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The Methodist farmer who founded the festival, and his daughter, reveal why they are welcoming the Labour leader – and Johnny Depp – to this year’s event and what happens to Glastonbury next
One year on from an apocalyptically muddy and Brexit-dazed Glastonbury 2016, and with the country reeling after a series of horrific events, Michael and Emily Eavis are aiming to create an upbeat, safe and politically engaged festival this year – helped in part by an appearance from Jeremy Corbyn.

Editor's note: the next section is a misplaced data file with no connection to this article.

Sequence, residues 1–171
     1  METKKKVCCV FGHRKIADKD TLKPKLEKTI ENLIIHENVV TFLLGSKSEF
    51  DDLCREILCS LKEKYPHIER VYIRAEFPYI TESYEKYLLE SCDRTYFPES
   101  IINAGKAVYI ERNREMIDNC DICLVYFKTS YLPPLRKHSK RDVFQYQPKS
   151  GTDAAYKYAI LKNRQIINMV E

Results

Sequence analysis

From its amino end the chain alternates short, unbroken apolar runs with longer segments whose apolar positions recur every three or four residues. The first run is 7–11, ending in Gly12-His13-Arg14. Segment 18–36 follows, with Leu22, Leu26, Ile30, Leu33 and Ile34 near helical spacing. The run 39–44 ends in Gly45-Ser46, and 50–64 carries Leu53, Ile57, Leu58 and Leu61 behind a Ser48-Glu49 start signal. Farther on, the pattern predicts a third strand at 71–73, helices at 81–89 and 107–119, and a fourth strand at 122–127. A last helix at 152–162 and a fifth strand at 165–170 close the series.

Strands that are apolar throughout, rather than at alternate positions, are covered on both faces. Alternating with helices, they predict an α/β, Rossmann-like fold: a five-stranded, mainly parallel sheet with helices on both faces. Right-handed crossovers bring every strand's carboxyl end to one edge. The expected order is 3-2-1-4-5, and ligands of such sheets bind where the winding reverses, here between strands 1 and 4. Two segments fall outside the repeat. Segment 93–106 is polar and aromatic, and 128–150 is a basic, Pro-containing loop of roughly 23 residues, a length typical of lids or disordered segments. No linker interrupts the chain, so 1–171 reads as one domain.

The Labour leader, buoyed by a stronger than expected election result, could eclipse the likes of Ed Sheeran, Katy Perry and Radiohead when he addresses the crowds on the Pyramid stage on the Saturday afternoon of the festival. While Glastonbury attracts a wider cross-section of society than its hippie stereotype suggests, its 175,000-strong crowd is still mostly liberal-minded, and likely to roar with approval as Corbyn steps on stage, notionally to introduce the duo Run the Jewels.